While I don’t have a very glamorous or dramatic coming out story, the amount of internalized homophobia and misogyny I have overcome (and am still overcoming) made it much harder than it had to be. In a world where queerness is normalized and coming out isn’t necessary, it would have been easier. That, however, wasn’t my reality. It is for that reason that I work to be the person I needed when I was 14. I was scared, uncertain, and unprepared.
I will be 22 years old in one week meaning I am approaching 8 years as having been “out” (“out” in quotation marks as queer people know that we rarely ever come out just once). We come out every single day. Every time we interact with a new person, there’s the mental dance of Okay, can they tell? Was my voice too femme or too butch just now? Am I safe if they do know? Meanwhile, if your conversation partner isn’t queer, they’re probably more worried about whether or not you can smell the garlic on their breath from the General Tso’s chicken they inhaled for lunch. Hell, if your family is anything like mine, you have to come out every time you see them. How many times does one have to say I’m just focusing on my education right now before the hint is taken? Now having a partner, a degree, and no longer in school, what should be even more glaringly obvious, I suppose, is not.
Although the average age of coming out is getting younger and younger, I was lucky enough to be able to come out to myself at 14, let alone to be able to come out at school and then to family at 18. National Coming Out Day is an incredibly important day to remember the privilege some of us have that many of us don’t. While I experienced homophobic rhetoric as a kid, I never felt like my life would be at risk. I never felt like I had to worry about being kicked out of my home, but with an estimated 40% of homeless youth being LGBTQ+, this is not a reality I can (or should) take lightly. Having access to the internet and media with (relatively decent) representation and attending to a large university with a LGBTQ+ population and a LGBT Programs office, albeit underfunded and under-resourced, I was fortunate enough to have resources. But, there are things a lot of LGBTQ+ children and adults desperately need that they don’t have. One of the most important things being reassurance: simply knowing that we’re loved, that we’re good people, and that we’re safe.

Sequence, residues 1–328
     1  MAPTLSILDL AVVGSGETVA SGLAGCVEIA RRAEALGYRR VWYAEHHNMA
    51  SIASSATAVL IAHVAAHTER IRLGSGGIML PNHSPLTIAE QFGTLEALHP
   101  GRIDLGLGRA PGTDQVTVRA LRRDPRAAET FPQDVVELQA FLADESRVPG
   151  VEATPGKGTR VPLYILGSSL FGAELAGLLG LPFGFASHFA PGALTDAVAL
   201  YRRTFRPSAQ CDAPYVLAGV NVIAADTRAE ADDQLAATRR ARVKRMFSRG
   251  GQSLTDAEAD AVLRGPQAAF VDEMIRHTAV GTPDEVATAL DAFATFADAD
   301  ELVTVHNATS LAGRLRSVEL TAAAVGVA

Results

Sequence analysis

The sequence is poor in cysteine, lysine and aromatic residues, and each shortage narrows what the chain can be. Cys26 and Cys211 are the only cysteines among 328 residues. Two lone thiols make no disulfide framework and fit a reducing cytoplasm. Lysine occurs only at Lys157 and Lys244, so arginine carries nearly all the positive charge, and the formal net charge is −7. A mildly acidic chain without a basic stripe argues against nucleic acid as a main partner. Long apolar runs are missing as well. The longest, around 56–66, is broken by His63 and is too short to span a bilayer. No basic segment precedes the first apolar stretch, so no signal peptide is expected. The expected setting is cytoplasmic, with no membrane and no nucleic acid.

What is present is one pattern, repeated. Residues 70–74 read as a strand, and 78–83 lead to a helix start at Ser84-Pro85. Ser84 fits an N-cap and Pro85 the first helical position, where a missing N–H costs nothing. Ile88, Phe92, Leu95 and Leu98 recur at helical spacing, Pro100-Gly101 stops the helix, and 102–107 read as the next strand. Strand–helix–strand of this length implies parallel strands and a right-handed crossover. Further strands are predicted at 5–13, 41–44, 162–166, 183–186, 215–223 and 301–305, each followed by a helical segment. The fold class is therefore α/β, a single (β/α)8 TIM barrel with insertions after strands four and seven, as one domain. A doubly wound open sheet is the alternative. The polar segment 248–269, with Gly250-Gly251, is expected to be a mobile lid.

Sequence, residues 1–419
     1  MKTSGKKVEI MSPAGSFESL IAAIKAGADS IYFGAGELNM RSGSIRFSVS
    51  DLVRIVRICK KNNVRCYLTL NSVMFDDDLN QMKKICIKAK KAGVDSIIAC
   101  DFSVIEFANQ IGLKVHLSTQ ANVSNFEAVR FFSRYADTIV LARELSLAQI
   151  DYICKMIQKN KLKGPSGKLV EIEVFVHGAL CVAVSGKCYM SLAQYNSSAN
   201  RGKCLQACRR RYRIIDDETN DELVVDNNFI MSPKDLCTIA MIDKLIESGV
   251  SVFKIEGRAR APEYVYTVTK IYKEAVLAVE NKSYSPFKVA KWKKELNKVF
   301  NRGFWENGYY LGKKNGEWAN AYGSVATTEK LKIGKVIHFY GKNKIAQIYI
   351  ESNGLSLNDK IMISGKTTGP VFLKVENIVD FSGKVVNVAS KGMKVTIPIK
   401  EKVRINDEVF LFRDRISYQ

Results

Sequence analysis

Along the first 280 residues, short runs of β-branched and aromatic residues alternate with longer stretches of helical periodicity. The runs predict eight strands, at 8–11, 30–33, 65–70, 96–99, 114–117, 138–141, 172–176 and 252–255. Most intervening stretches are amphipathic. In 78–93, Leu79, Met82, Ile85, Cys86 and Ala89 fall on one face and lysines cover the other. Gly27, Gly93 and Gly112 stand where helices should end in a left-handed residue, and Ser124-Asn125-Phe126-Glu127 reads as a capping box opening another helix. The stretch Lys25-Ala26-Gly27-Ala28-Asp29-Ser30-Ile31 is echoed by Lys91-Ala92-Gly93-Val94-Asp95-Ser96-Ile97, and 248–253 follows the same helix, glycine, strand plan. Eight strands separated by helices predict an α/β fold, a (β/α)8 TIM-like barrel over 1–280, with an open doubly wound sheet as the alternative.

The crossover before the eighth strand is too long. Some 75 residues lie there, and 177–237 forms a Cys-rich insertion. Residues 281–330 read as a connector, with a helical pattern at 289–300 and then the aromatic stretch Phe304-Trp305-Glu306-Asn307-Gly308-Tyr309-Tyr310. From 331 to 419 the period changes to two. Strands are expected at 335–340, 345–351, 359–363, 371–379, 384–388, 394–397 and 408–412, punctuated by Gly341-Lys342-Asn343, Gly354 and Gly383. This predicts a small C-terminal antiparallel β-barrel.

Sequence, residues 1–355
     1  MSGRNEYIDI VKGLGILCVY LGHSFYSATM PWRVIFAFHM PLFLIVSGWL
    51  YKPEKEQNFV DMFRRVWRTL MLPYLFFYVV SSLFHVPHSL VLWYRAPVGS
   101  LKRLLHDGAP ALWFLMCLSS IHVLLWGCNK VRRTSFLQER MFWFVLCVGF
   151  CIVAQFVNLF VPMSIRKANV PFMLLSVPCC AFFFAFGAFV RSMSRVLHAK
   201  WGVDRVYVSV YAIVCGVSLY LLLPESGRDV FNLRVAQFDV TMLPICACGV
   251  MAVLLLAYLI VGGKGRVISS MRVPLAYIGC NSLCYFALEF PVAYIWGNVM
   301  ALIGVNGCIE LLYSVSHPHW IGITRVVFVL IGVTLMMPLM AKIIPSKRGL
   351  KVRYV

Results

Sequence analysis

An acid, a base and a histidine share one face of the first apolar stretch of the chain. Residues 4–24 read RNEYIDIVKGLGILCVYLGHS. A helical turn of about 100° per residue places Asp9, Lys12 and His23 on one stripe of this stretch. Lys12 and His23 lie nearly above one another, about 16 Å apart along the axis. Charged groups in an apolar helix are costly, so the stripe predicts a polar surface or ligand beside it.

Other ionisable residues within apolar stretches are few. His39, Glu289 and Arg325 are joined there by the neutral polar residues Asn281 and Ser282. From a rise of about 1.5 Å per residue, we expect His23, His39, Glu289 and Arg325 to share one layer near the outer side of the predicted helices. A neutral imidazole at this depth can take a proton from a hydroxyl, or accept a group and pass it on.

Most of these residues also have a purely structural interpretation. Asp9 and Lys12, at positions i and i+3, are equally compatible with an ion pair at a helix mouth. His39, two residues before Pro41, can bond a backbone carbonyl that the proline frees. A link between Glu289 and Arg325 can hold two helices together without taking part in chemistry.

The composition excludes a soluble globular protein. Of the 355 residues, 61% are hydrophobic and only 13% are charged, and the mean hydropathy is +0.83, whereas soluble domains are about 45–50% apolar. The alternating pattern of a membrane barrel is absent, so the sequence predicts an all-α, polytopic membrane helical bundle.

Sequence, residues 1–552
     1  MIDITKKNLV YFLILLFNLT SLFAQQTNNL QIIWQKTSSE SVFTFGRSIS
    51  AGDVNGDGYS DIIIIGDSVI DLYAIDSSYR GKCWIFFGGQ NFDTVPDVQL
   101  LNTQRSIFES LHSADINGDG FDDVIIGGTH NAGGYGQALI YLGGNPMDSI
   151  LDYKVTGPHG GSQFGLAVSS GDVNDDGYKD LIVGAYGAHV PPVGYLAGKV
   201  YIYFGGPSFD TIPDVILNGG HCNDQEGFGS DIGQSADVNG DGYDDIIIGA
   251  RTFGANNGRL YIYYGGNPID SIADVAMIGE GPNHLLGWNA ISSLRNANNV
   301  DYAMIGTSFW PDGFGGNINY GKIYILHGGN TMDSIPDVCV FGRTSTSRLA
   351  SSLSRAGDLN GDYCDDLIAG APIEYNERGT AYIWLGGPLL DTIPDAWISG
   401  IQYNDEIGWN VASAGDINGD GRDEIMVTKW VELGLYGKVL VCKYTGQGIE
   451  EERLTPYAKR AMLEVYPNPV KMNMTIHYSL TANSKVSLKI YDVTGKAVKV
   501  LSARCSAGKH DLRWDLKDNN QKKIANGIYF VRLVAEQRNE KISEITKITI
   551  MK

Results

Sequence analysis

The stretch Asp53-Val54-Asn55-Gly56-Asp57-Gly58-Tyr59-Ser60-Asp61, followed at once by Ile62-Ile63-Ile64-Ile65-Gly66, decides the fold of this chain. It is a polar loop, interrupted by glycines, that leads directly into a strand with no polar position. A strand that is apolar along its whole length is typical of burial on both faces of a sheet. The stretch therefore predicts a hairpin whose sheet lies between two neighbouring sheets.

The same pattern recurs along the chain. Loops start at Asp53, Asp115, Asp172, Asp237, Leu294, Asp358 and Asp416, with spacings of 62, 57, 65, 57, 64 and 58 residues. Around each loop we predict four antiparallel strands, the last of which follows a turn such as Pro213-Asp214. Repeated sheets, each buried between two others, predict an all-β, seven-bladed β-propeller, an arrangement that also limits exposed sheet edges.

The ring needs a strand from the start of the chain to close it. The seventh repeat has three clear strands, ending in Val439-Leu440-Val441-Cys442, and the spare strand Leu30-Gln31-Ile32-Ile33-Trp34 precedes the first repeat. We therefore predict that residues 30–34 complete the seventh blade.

If someone comes out to you today (or ever), thank them. Thank them for their bravery and honesty, and most importantly, thank them for trusting you with that information. Make sure they know you love them because that kind of vulnerability is difficult, even if you’ve been openly queer for a while. If you’re queer and you’re deciding whether or not to come out, remember that you’re not a bad person for not being out. It’s not easy to be sometimes. Remember that it is not always safe for everyone to come out and you are still important if you decide against it. If you’re in need of someone to vent to, or need support, feel free to DM me on Twitter. I love you and will help you how I can. Happy (Post) National Coming Out Day!